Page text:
In January 2018, we devoted an article to the Flipflopi expedition and its eponymous sailing boat, a dhow (a traditional boat from the Indian Ocean characterised by its trapezoidal sail). Its particularity: it was made entirely from the plastic waste littering the beaches of Kenya's east coast, using ancestral construction techniques.
With its hull entirely covered with 30,000 used multicoloured flip-flops, the one-of-a-kind, 9-metre sailboat was about to embark on its first expedition with a very specific aim: to raise awareness of good waste management practices and promote recycling initiatives.
Raising awareness about environmental protection
Some time has passed since that first successful awareness-raising action. The Flipflopi project has expanded and the community has grown. Its founders, Ben Morison, Dipesh Pabari and Ali Skanda, are more committed than ever to pursuing their initiative. They have joined the United Nations Environment Programme's Clean Oceans Campaign and are now supported by various partners, including the national governments of Kenya, Uganda and Tanzania; UNEP; the UK Foreign, Commonwealth & Development Office; the French Development Agency; the European Union; and more.
For their new 2021 campaign, a new—and just as colourful—10-metre Flipflopi has set sail for an expedition around Lake Victoria, the largest freshwater ecosystem in Africa but also the most polluted in the world.
Creating a circular economy through innovative and alternative solutions
The boat, which is made from 10 tonnes of plastic waste, made 21 stops in the three countries that border the lake—Kenya, Uganda and Tanzania—and travelled 995km. The crew met with local people, schoolchildren, business leaders and local authorities to advocate for alternative and innovative solutions to reduce plastic waste and promote the circular economy in Africa through education programmes, innovation centres for plastic recycling and waste management. The sailboat is a floating reminder that plastic waste can be re-used and given a second life. For Ben Morison, the Flipflopi project "has always been about encouraging change in a positive way, sharing the very simple message that single-use plastic really doesn't make sense". “If plastic can make a boat, it is too precious to be used only once," he added.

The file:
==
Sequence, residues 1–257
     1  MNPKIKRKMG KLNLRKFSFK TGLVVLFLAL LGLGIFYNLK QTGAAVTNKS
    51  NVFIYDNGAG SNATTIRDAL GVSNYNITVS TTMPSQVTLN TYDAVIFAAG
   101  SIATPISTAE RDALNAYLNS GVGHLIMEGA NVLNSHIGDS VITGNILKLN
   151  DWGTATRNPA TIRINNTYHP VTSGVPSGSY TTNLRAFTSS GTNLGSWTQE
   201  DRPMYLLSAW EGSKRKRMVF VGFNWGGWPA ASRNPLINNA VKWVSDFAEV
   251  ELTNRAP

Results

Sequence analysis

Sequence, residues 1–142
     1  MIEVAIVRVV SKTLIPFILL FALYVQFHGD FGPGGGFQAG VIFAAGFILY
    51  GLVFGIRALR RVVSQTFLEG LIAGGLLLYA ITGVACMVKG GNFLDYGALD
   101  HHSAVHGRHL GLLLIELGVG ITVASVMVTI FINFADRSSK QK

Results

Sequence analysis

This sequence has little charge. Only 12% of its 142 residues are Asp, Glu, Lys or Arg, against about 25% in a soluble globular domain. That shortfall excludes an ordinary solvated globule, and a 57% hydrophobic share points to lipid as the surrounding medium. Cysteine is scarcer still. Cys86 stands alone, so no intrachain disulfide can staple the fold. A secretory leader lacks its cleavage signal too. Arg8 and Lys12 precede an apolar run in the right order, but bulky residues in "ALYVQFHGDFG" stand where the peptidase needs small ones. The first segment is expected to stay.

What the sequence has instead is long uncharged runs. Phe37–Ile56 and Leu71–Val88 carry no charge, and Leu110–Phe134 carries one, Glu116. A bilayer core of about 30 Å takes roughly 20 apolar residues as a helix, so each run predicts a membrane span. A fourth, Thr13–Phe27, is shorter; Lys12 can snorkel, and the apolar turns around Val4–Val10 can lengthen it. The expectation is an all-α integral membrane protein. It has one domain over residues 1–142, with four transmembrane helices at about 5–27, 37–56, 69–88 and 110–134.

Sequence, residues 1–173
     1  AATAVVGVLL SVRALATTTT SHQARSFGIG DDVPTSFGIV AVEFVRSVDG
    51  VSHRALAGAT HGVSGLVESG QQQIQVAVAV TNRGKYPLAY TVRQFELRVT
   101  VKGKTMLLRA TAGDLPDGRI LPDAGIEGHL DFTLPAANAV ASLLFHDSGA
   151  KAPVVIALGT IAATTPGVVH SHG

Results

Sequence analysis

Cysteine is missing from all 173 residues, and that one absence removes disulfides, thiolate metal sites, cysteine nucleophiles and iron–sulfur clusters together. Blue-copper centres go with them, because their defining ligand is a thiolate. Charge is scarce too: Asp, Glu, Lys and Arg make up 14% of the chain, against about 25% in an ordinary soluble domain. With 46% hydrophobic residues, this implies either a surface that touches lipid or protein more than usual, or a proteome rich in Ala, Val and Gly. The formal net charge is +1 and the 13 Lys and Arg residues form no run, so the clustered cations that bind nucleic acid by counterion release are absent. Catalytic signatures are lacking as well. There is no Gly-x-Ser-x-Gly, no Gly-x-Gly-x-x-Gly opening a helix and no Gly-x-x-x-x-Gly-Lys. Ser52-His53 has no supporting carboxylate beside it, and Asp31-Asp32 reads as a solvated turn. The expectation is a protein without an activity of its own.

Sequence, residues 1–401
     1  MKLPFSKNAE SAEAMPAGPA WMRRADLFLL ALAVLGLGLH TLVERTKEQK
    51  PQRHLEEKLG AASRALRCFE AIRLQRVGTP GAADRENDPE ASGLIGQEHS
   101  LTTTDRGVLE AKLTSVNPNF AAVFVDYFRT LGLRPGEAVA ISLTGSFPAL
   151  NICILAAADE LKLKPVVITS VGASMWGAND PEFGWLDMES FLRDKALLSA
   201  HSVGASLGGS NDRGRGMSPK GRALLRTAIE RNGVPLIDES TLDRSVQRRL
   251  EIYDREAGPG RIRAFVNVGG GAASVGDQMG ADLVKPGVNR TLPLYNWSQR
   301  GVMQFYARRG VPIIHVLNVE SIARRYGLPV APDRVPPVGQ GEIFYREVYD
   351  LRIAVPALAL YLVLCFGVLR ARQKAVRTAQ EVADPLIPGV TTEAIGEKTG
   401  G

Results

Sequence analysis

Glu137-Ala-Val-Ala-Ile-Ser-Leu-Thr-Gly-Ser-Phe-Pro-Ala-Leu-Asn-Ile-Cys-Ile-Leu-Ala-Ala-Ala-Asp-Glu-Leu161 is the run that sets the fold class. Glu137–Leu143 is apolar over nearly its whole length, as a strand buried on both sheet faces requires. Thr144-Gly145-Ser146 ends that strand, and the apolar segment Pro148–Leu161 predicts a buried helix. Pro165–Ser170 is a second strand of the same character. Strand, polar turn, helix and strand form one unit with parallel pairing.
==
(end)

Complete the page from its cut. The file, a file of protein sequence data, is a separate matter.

Giving visibility to local and positive initiatives
The expedition also aims to give visibility to dozens of local initiatives aimed at collecting, recycling or re-using plastic waste through videos that are widely distributed on social networks. An effective way "to highlight these key stakeholders of change, these people who work every day to save this lake and devise concrete and local solutions to fight pollution".